8. Safenet is a Delaware corporation with its principal place of business in Baltimore, Maryland. Prior to a corporate name change on November 1, 2000, and during the time of the events described here, the company was known as Information Resource Engineering, Inc. Safenet provides Virtual Private Network technology that enables organizations to use the Internet and other shared networks for private communications. Safenet's common stock is registered with the Commission pursuant to Section 12(g) of the Exchange Act and is listed for trading on NASDAQ under the ticker symbol "SFNT."
9. Maldonado and Price have known each other since at least their early teenage years. They have had a friendly relationship throughout their adulthood.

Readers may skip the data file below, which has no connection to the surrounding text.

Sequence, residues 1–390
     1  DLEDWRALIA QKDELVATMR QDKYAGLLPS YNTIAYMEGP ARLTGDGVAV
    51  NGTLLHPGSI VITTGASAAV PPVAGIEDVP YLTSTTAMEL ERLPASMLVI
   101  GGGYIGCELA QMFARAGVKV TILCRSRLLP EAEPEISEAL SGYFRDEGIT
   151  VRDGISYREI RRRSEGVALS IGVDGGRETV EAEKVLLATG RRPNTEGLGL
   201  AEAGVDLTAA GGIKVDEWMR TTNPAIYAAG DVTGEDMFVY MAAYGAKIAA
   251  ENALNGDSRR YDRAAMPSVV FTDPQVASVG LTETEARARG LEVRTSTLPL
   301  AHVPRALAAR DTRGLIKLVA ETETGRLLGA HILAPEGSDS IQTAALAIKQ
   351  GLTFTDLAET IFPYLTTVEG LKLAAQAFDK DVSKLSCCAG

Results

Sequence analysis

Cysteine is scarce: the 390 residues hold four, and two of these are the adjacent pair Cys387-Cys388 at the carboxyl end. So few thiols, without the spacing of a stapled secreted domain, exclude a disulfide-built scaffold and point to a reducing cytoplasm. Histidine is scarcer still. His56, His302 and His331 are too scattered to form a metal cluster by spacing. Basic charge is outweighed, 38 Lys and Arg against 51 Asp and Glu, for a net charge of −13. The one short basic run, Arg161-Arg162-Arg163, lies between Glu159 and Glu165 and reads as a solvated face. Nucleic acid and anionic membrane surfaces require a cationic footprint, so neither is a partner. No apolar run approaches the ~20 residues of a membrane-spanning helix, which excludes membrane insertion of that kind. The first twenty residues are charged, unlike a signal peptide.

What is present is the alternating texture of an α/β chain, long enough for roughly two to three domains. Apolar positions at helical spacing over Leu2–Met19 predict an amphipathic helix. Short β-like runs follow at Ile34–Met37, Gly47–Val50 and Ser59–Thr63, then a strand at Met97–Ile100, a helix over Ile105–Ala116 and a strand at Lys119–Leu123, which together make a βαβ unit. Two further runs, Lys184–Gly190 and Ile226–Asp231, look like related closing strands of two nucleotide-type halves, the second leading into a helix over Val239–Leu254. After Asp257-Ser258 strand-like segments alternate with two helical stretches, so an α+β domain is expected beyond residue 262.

10. During the relevant times and for about 10 years prior to the transactions at issue, Maldonado was the stockbroker assigned to Price's brokerage accounts at Merrill Lynch. On at least one occasion, Maldonado told Price that if any investment banking opportunity arose at IREG, Merrill Lynch would be interested. Thereafter, in the spring of 1999, IREG was considering hiring an investment banking firm, and an IREG Executive ("Executive") informed Price that IREG was interviewing various firms. Price recommended Maldonado and Maldonado's firm, Merrill Lynch, to IREG. On another occasion, Price exercised and sold a number of IREG stock options worth more than $260,000 through Maldonado. Subsequently, in September 1999, Price used some of the proceeds from the sale of these IREG stock options to purchase a new home. Again, Maldonado assisted Price with this transaction.